As a doula in Edmonton I witness the impacts that fear and insecurity have on someone’s birth process. It’s crazy because the smallest things you wouldn’t even think make a difference can literally wreak havoc on your plans for a peaceful and safe birth (I get more into this in my Fear-Tension-Pain post). Some of these things, like harsh lighting, bad smells or distracting or fearful sounds, are easily adjusted (us Edmonton doulas have a knack for making a room feel more ambient!), but there are others that are more difficult and tougher to navigate when things go wrong. One of these things is those who are providing care to you during your birth – midwives, doctors, nurses and other healthcare practitioners.
While it would be amazing if all of us were matched up with the care providers that best suited our personalities, beliefs and things we value, this is not always the case. In the most common negative circumstances, you’ve got a doctor or midwife that you just don’t vibe well with. Perhaps he/she isn’t supportive of how you want to birth, or they don’t go into enough detail during your appointments, or they just don’t share the same views on birth as you do. Whatever the case, as a doula in Edmonton I hear this the most when expecting parents express concerns about their care. Then EVEN if your care provider is an excellent match, if you’re with a doctor then there comes the nurses that will care for you for the majority of your time in the hospital. Some hospitals are good with matching nurses to your personality type – for example, here in Edmonton if a midwifery transfer is happening we often get assigned nurses who’s views align with the midwifery standard of care. However, usually you get whoever is on rotation. With midwifery care, perhaps you only like one of the two midwife partners, or the secondary midwife that comes for the delivery is not your cup of tea. Finally, I have had hospital clients who love their doctor, love the nurses they are assigned, but then when delivery time comes their doctor is not on call so they wind up with a new one that they don’t match well with. So as you can see, so many opportunities for a mismatch… at a time when dealing with conflict and confrontation is not really conducive to your progress!
The relationship between a care provider and their patients is a sensitive one. Everyone has their own ideals of how a birth should go that stretch beyond the “healthy baby and mother” common goal. Some parents would rather be compliant and do what their care provider says throughout their birth, while others want as little guidance as possible. Some care providers view birth as a medical process that requires some level of intervention, while others view it as a completely natural process where it should never be touched. The problem when there is a mismatch is that level of trust and safety. If you don’t share the same ideals as your care provider and that starts to unfold during the birth, your natural response as a human is to enter fight or flight mode and stop the birth process until you feel safe again. I have seen this happen as an Edmonton doula with my very two eyes and it’s a fascinating, yet awful thing to witness. A parent should never feel disrespected or that they cannot trust everyone who’s in that room with them.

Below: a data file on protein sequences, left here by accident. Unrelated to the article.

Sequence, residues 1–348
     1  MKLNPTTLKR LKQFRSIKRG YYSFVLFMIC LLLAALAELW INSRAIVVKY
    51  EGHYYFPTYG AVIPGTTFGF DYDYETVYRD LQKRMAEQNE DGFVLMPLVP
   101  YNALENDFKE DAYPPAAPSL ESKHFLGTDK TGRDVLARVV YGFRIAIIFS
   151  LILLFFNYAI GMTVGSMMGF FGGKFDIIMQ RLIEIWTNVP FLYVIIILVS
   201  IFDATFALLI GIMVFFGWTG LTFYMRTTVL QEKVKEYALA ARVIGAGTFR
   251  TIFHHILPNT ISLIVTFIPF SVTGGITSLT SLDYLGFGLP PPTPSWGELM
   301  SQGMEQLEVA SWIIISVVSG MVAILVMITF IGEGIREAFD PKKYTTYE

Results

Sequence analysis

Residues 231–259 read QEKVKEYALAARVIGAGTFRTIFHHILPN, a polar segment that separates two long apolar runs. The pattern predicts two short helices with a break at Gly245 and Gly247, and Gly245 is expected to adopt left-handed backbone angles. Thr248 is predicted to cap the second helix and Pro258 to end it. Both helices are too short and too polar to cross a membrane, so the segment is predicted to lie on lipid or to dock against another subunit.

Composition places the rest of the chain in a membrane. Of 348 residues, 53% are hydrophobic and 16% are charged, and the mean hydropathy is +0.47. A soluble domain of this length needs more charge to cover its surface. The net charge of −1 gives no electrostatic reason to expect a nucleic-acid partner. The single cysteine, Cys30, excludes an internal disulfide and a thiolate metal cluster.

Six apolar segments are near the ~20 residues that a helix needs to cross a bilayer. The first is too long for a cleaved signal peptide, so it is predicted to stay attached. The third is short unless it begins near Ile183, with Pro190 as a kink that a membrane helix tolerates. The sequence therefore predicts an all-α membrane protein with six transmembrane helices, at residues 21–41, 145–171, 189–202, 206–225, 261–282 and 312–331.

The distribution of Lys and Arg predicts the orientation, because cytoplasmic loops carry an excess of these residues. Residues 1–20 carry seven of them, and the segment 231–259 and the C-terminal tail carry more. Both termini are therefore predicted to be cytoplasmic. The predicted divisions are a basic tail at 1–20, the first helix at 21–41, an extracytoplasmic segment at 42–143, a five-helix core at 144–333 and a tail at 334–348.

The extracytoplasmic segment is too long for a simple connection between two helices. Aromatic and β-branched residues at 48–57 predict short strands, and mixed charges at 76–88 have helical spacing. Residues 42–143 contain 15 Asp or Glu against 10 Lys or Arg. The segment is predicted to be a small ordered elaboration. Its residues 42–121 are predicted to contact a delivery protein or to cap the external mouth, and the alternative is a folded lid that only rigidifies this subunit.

So what’s the solution? How do you navigate the system so that you are equipped with a birth team that works with you and not against you? One easy solution is to hire a doula! As a birth doula, we are your #1 supporter and our job is to advocate for what YOU want. We don’t work for hospitals or doctors or midwives, we work for you. In the event that you do not have a well-versed birth professional working for you, then the one piece of advice I can give is to stand up for what you want. And when I say you, I mean you the birth person AND you the partner! Both of you can make each and every last decision at your birth, and no one else can legally or ethically do the same. So if you’re in a situation where you feel unsafe with your care providers – speak up! Tell someone you’d like to be assigned different nurses or the other doctor on call at the hospital. You can even go to a different hospital to find someone else (though that’s probably the last thing you’d want to do while you are in labour). If you are with a midwife you’re butting heads with and at a hospital, ask for a transfer of care to a doctor. If you are at home, go into the hospital and transfer your care. These are all things that you have the right to do, and while they seem scary you have one clear advantage – you and your birth partner are a team. And no one is going to mess with your united front! Advocating for yourself or your partner and having a voice could be a little messy at first, but that feeling of empowerment and taking back your birth is an incredible feeling that you can look back on with pride.
Have you ever navigated yourself out of an unsafe situation while birthing? Share your stories in the comment field!